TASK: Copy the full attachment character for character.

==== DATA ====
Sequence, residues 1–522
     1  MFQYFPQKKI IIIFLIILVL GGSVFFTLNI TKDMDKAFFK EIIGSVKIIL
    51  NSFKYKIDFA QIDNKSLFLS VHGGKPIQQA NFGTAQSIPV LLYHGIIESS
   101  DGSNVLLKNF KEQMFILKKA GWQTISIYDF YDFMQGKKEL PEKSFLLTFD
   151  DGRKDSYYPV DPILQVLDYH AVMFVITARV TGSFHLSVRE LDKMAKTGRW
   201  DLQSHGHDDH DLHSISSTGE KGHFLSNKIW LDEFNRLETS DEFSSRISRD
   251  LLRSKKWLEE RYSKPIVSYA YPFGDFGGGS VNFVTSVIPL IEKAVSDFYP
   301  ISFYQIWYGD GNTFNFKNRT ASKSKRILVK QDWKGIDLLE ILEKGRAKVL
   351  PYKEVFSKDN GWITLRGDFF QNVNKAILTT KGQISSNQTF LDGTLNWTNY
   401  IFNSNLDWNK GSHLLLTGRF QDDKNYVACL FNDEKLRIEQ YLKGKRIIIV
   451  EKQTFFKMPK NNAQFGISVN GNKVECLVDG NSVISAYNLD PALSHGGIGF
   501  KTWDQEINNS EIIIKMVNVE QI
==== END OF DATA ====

Sequence, residues 1–522
     1  MFQYFPQKKI IIIFLIILVL GGSVFFTLNI TKDMDKAFFK EIIGSVKIIL
    51  NSFKYKIDFA QIDNKSLFLS VHGGKPIQQA NFGTAQSIPV LLYHGIIESS
   101  DGSNVLLKNF KEQMFILKKA GWQTISIYDF YDFMQGKKEL PEKSFLLTFD
   151  DGRKDSYYPV DPILQVLDYH AVMFVITARV TGSFHLSVRE LDKMAKTGRW
   201  DLQSHGHDDH DLHSISSTGE KGHFLSNKIW LDEFNRLETS DEFSSRISRD
   251  LLRSKKWLEE RYSKPIVSYA YPFGDFGGGS VNFVTSVIPL IEKAVSDFYP
   301  ISFYQIWYGD GNTFNFKNRT ASKSKRILVK QDWKGIDLLE ILEKGRAKVL
   351  PYKEVFSKDN GWITLRGDFF QNVNKAILTT KGQISSNQTF LDGTLNWTNY
   401  IFNSNLDWNK GSHLLLTGRF QDDKNYVACL FNDEKLRIEQ YLKGKRIIIV
   451  EKQTFFKMPK NNAQFGISVN GNKVECLVDG NSVISAYNLD PALSHGGIGF
   501  KTWDQEINNS EIIIKMVNVE QI